Obama set to reach out to undecided voters

DAYTON, Ohio With just two weeks left before Election Day, President Obama launched his endgame strategy: get supporters to vote early and persuade undecideds they'll be better off supporting him.

"I want you to go vote," the president told a campaign rally crowd estimated at 9,500.

"Here in Ohio you can vote early," he said. "Here in Ohio, you can vote right after this event."

Making his 17th visit to Ohio, the state that more than any other might make the difference between a second term and defeat, Mr. Obama again slammed Mitt Romney's policies as "wrong and reckless." He repeated lines prepared for last night's third and final debate, saying Romney "is all over the map" in stating his policies.

Mr. Obama again spoke of his Republican opponent as suffering from "Romnesia," the made-up affliction the president uses to ridicule Romney and accuse him of deliberately moderating his policy positions from the far right toward the center.

"If you don't remember positions that are on your website," Mr. Obama said of Romney, you've got "Romnesia."

"He's doing all he can to hide his true positions and tell us what he thinks you want to hear," Mr. Obama added.

The Romney campaign responded by accusing Mr. Obama of engaging in "increasingly desperate attacks."

"Mitt Romney has a real plan for a real recovery that will create 12 million new jobs with rising take-home pay, move us toward a balanced budget and create prosperity for all Americans." said Romney campaign spokesman Ryan Williams.

Mr. Obama on Wednesday morning launches a two-day, round-the-clock, eight-state campaign blitz that includes a stop Thursday in his hometown of Chicago, where he'll become the first sitting president to cast an early vote for himself.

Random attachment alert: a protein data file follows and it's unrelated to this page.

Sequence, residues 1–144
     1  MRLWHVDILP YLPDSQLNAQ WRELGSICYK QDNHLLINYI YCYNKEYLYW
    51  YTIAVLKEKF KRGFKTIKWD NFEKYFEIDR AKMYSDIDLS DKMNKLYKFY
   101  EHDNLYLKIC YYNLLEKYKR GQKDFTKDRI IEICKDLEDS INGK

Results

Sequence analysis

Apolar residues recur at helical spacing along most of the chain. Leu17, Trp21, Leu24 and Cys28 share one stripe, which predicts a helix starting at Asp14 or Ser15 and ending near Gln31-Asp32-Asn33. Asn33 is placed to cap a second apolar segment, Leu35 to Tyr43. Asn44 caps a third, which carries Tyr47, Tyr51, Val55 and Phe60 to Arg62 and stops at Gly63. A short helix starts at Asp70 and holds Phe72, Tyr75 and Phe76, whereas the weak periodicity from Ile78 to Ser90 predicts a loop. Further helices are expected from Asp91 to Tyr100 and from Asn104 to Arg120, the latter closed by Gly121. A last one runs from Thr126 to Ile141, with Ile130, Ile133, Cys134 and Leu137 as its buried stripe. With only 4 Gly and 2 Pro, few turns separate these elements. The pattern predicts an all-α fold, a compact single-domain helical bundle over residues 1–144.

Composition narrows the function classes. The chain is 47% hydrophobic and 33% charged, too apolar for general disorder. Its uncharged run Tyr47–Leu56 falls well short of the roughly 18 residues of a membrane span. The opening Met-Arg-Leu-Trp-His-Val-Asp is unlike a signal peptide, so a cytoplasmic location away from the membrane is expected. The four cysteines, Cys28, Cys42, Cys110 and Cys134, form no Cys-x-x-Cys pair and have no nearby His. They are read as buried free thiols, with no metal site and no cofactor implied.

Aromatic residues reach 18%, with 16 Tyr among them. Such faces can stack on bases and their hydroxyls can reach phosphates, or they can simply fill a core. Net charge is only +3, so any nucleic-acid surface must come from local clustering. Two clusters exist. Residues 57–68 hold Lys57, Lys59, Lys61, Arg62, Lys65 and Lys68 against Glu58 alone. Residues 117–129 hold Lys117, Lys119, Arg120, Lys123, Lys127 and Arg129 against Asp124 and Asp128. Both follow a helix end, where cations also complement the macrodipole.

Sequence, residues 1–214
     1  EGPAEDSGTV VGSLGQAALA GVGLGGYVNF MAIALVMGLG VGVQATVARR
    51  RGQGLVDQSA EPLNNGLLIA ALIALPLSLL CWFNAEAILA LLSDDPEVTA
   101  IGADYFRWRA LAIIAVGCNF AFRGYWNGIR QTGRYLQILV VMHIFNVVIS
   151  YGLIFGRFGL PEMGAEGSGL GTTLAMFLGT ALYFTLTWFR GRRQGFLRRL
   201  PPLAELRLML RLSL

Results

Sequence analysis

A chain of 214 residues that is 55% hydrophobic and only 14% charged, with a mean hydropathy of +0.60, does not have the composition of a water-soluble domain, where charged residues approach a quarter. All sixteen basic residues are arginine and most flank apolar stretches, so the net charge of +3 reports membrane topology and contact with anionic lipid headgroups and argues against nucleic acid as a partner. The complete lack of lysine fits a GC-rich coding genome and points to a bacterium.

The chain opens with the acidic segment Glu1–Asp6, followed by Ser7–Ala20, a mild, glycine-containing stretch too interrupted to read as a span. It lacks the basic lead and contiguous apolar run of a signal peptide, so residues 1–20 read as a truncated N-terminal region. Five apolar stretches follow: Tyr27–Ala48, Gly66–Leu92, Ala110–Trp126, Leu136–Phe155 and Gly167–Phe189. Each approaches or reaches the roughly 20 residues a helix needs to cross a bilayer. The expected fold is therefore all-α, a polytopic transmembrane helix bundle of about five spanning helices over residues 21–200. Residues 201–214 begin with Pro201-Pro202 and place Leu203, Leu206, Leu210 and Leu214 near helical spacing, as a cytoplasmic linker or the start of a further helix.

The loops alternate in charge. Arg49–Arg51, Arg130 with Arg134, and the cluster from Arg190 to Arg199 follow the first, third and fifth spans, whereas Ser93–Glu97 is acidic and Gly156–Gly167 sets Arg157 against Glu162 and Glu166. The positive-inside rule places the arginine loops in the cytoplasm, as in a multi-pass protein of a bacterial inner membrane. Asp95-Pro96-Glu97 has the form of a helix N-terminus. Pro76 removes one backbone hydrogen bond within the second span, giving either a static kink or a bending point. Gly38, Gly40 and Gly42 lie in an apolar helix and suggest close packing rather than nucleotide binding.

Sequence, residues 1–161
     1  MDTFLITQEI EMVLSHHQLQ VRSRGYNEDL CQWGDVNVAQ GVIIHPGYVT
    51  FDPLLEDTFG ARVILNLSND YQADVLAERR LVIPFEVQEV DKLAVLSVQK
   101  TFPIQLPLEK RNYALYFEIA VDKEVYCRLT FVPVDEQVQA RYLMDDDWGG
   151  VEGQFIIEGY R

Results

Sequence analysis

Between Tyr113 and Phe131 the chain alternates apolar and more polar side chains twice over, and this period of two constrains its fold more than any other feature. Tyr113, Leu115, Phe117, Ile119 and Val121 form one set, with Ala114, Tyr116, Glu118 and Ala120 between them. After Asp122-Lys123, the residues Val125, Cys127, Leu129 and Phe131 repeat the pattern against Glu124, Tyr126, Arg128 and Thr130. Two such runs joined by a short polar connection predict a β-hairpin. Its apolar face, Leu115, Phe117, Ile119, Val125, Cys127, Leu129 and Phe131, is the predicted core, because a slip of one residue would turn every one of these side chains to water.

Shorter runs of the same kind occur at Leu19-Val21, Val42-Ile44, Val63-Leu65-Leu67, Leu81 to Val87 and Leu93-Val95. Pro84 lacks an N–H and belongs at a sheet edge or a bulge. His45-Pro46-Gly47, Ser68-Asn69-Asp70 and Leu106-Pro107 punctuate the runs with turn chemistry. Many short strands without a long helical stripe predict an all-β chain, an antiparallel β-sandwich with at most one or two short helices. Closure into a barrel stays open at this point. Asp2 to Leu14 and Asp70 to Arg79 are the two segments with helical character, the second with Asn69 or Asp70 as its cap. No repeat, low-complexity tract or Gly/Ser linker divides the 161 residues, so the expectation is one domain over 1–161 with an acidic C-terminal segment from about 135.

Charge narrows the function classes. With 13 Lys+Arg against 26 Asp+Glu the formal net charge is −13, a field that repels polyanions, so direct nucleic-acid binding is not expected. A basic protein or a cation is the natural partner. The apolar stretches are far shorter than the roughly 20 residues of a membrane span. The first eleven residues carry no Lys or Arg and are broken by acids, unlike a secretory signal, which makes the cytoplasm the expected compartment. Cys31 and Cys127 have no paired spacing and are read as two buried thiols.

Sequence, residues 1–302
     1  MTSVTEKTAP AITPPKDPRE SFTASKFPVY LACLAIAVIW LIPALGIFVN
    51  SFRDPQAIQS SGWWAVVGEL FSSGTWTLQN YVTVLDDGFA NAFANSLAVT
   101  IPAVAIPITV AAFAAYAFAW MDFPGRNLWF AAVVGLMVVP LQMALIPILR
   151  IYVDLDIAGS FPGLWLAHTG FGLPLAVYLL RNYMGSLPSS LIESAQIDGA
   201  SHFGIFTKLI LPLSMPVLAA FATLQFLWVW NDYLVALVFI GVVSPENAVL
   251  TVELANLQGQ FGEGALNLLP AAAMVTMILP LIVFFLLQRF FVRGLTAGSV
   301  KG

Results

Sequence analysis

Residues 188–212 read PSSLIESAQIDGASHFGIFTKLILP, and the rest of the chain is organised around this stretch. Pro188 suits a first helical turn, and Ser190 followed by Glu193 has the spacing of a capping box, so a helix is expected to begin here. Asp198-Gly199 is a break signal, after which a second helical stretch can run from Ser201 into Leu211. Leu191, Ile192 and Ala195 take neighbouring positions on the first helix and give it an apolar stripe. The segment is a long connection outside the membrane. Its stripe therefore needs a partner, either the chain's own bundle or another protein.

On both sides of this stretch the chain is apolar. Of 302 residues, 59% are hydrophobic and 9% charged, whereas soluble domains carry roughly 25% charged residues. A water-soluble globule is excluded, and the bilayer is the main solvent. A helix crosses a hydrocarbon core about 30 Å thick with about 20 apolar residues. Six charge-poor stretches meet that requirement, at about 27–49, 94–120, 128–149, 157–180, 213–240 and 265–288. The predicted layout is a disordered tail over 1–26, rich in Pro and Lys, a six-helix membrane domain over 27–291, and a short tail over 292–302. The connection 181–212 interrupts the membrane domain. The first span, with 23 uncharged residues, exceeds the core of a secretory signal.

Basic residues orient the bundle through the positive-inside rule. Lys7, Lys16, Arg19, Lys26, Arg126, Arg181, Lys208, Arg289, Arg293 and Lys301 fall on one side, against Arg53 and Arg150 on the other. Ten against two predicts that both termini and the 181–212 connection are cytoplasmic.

He will criss-cross the nation campaigning in six swing states: Iowa, Colorado, Nevada, Florida, Virginia and Ohio. He also has a stop scheduled in Califonia to tape another appearance on "The Tonight Show with Jay Leno," his third appearance as president.

Mr. Obama will spend Wednesday night aboard Air Force One heading from Nevada to Florida for his first domestic red eye flight. The presidential 747 provides nearly all the comforts of home, including a bedroom in the nose of the aircraft.

Mr. Obama will use his trip to appeal to supporters not to wait until Election Day to cast their ballots. And once they've voted, he wants them to spend their remaining time persuading uncommitted voters to re-elect him.

To that end, the Obama campaign unveiled a TV adTuesday citing the priorities Mr. Obama says will be part of his agenda in a second term.

In addition, his campaign is printing 3.5-million copies of a 20-page magazine-style booklet, further describing Mr. Obama's policy proposals if he wins another 4 years in office.

The Romney campaign was quick to dismiss the ad and the booklet as "no substitute for a real agenda for America."

Romney campaign policy director Lanhee Chen accuses the president of re-proposing policies "that have already proven ineffective" and of repeating "discredited allegations against Governor Romney."

"You can't fool the American people into thinking you have a real plan for the future when all you are offering is more of the same," Chen said in a written statement provided to reporters.

As part of his upcoming campaign trip, Mr. Obama will personally reach out to undecided voters with phone calls from Air Force One. Campaign press secretary Jen Psaki also said Mr. Obama will make stops to meet with undecided voters as well.

Under Federal Election Commission rules, the Obama campaign must reimburse the government for the political use of Air Force One, but neither the campaign nor the White House will divulge the precise amounts owed for each trip.

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    Mark Knoller is a CBS News White House correspondent.

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